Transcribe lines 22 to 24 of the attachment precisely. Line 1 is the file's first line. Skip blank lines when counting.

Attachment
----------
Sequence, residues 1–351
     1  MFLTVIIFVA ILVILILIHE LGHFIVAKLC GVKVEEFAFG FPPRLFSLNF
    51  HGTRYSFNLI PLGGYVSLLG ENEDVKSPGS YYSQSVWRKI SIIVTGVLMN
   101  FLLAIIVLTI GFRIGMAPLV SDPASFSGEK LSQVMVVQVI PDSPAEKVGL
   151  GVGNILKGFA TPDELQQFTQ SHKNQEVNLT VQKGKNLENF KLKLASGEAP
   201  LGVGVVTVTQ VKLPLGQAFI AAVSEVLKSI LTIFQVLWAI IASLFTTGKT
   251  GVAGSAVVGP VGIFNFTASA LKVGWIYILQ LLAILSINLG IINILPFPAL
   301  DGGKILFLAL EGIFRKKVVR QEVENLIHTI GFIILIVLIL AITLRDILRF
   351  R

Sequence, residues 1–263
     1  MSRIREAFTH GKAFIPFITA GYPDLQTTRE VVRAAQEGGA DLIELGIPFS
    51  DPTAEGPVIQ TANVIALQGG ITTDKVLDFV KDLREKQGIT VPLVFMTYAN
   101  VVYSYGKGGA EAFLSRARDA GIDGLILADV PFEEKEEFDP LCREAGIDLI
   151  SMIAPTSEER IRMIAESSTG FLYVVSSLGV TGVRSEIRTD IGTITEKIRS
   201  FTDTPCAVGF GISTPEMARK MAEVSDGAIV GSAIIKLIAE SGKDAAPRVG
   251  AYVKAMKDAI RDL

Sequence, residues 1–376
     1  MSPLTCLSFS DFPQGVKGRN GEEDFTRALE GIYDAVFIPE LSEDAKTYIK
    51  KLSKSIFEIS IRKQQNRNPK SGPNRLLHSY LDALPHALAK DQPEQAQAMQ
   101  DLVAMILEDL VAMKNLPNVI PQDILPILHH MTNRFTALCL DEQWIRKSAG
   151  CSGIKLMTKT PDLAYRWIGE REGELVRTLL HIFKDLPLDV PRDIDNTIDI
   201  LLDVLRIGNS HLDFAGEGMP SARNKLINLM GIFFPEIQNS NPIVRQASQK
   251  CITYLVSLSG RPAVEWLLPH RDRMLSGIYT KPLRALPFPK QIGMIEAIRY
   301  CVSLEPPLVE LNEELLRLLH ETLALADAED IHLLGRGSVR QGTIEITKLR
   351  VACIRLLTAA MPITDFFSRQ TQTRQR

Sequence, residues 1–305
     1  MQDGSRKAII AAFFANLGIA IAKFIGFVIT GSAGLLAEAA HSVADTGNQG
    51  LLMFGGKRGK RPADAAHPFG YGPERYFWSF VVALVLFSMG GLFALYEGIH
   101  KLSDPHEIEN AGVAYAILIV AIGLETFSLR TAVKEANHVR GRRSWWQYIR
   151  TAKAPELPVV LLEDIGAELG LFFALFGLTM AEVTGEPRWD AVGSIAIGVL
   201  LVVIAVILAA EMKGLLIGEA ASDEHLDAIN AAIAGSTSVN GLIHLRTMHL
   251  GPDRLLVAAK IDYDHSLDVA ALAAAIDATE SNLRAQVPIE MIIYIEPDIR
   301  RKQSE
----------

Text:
   201  LLDVLRIGNS HLDFAGEGMP SARNKLINLM GIFFPEIQNS NPIVRQASQK
   251  CITYLVSLSG RPAVEWLLPH RDRMLSGIYT KPLRALPFPK QIGMIEAIRY
   301  CVSLEPPLVE LNEELLRLLH ETLALADAED IHLLGRGSVR QGTIEITKLR